Function of Long-Term Depression in Purkinje Cells to Regulate Excitability to a New Equilibrium
Date of Award
Master of Science (MS)
Huo Lu, PhD
Richard E White, PhD
Abigail Hielscher, PhD
Brian Matayoshi, PhD
Traditionally, the function of the cerebellum has been thought to be associated with motor control or motor learning. Early studies have shown that cerebellar plasticity plays an important role in cerebellar motor learning. However, a recent study using mutant mice lacking parallel fiber-Purkinje cell long-term depression (LTD) suggested that this specific LTD is not fundamental for motor learning. Therefore, cerebellar plasticity including LTD may have other functions in the cerebellum. We hypothesize that cerebellar plasticity modifies the excitability of Purkinje cells to maintain homeostasis. To test the hypothesis, whole-cell patch clamp recordings were performed on Purkinje cells using neonatal rat cerebellar slices. Tetanus stimulation (1 Hz of train stimulation: 50 Hz, 20 ms interstimulus interval) was delivered to the parallel fibers in the molecular layer. From all the Purkinje cells that were recorded, 4 cells displayed LTD, 7 demonstrated long-term potentiation (LTP), and 9 cells showed no plastic changes. The excitability of the Purkinje cells was measured by number of action potentials generated using positive current injections (0.1, 0.3 and 0.5 nA, 500 ms). In general, the results demonstrated that the excitability decreased after the tetanic stimulation (p = 0.021) for all types of synaptic plasticity. A further study with an improved method of testing the cell excitability is needed.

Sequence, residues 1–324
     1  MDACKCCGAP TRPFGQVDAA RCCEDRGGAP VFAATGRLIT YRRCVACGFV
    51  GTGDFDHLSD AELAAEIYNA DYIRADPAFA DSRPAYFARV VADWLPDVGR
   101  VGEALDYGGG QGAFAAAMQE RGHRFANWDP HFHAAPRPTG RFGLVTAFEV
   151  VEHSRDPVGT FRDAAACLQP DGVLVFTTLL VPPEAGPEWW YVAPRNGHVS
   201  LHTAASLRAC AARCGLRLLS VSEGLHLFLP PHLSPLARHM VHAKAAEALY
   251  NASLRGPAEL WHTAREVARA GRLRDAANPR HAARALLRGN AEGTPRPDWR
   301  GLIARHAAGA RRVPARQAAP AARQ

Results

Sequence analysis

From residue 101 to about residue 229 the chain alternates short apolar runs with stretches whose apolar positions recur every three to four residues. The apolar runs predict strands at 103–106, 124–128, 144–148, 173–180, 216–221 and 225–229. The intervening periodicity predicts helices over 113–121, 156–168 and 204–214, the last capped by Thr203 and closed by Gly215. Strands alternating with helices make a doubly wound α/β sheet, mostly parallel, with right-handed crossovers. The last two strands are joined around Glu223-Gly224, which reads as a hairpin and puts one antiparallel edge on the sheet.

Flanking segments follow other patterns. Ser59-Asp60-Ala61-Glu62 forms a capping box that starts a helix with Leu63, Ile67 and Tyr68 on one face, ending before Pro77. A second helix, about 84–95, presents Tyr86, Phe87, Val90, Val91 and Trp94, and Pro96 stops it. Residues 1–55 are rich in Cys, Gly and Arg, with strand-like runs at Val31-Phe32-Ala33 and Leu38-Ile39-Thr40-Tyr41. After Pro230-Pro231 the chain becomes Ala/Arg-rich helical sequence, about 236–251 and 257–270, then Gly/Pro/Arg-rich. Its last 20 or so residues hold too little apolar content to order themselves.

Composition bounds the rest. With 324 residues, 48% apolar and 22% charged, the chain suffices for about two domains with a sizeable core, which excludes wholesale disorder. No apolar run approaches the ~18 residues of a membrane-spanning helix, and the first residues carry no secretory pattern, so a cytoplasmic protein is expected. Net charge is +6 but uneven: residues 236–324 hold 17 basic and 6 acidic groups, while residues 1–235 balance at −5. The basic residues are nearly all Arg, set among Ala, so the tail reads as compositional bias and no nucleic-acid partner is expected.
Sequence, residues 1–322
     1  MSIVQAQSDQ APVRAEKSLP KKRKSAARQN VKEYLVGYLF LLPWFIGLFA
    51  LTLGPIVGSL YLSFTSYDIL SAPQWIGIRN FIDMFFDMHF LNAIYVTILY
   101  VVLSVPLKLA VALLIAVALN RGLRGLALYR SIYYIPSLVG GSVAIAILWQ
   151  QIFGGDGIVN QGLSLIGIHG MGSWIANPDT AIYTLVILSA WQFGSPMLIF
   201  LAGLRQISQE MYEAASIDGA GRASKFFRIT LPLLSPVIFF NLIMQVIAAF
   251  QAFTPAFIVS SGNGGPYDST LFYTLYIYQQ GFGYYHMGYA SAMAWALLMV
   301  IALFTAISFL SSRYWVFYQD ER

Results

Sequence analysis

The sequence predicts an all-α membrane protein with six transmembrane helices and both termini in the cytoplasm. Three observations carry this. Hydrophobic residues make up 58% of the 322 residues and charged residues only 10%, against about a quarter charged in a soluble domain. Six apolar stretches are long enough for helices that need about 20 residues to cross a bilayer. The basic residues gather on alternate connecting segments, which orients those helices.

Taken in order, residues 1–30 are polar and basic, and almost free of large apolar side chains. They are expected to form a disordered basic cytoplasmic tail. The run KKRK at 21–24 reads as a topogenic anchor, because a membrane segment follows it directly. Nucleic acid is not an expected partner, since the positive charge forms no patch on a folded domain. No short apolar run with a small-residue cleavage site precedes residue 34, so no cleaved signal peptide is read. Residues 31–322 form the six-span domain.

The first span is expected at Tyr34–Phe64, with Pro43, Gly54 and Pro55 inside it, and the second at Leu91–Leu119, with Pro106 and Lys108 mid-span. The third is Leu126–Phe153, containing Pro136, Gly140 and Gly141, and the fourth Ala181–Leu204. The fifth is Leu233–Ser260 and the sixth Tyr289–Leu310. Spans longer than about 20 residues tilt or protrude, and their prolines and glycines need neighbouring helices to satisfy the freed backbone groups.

Arslan, Gulsedef, "Function of Long-Term Depression in Purkinje Cells to Regulate Excitability to a New Equilibrium" (2015). PCOM Biomedical Studies Student Scholarship. 91.